Last fortnight, this magazine, and digital newspaper Bharat Niti, organised, in association with Associated Chambers of Commerce and Industry of India (ASSOCHAM) a national conference on Defence Production: Self Reliance and Beyond”. Addressed by Union Home Minister Rajnath Singh and Defence minister Manohar Parrikar, the conference was attended by the top industry leaders (both Indian and foreign), bureaucrats and defence analysts.
I was really impressed when a participant pointed out that it would have been much better if the title-theme would have been “a sustainable defence industry” instead of “self reliance in defence production.” Though he did not elaborate on the point he made, I think there is a merit in what he said. All told, given the nature of the defence industry, no country in the world can become self-reliant. In fact, later in his speech defence minister Parrikar also talked on the similar line. What we need is that we should be as self-reliant as possible with regard to arms and ammunitions. More important is the reliable supply of defence items, be it indigenous or foreign, at a cheaper price and in time. And the best way to ensure this happening in this globalised world is to strengthen the indigenous base by involving the private sector and simultaneously having strategic linkage with foreign firms for joint development and joint productions of arms in India that will not only cater to the domestic needs but also promote their exports to the rest of the world. In other words, India must have a globally competitive defence industry.
It may be noted here that not long before he left this mortal world, former President A P J Abdul Kalam had stressed the importance of having a long-term defence strategy and vision for defence industry growth. He was keen on India establishing a military-industrial complex involving large private industries. “The need of the hour is to establish a military-industry complex (MIC) at the national level enlisting large and medium industries to be partners along with defence PSUs (public sector units) as its members,” Kalam had said in May 2015. However, a MIC for Kalam was not collaboration simply between Indian PSUs and Indian corporate houses. “Encouraging high technology tie-ups and joint ventures between Indian and other global defence industries will achieve not only competitiveness but also envisage the product for export,” he had underlined.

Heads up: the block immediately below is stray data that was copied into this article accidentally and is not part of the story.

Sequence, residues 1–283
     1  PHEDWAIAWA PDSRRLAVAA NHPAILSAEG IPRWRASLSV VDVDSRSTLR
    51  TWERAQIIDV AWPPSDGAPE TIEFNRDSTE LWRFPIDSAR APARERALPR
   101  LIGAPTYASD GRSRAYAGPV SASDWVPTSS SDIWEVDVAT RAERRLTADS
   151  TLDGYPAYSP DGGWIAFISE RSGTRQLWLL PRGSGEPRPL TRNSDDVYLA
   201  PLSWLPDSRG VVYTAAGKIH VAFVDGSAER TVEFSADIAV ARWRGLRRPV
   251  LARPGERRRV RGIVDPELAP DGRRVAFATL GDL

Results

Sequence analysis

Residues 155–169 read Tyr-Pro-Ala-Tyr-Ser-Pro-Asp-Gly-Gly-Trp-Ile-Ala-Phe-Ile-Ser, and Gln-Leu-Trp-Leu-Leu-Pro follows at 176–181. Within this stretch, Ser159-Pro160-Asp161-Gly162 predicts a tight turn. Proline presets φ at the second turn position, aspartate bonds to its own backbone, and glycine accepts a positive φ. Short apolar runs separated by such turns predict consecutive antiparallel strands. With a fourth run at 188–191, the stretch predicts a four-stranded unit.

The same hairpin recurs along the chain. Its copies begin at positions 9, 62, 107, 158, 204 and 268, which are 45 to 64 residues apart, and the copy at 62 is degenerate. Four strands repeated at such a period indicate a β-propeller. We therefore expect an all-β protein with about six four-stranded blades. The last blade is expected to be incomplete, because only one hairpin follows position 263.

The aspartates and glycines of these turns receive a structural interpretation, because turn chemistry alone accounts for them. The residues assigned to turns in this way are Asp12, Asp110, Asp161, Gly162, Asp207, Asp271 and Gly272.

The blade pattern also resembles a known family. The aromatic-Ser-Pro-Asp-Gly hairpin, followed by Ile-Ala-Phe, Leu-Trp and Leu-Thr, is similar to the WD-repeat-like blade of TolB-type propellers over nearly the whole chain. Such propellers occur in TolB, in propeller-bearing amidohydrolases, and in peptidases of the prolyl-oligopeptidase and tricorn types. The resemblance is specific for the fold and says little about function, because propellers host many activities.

In my considered view, the former President was bang on. MICs these days are getting increasingly globalised. Take, for instance, the case of the United States, the world’s foremost military power. Incidentally, the term “military industrial complex” was coined in the United States by President Dwight Eisenhower during the Cold War to welcome the emergence of what is said “the second era” of the American MIC. During the first era, which lasted from 1787 to 1941, the defence sector in the United States consisted totally of the government-owned arsenals and shipyards. However, with the United States participating in the World War II, President Franklin Roosevelt established the “War Production Board” by conscripting the major private industries, particularly those in the automobile sector, into wartime service. But after the War ended, not only these private companies, such as Boeing and General Motors stayed and consolidated their involvement in the military sector, but they were also joined by others like AT&T, General Electric and IBM. One of the important features of this second era was that the Pentagon financed the private sector, which, in turn, created world class technologies that were for use by not only the military but also by the ordinary citizens. One can cite in this regard the examples of drone, night vision goggles, GPS in cars, and what is most important, the Internet.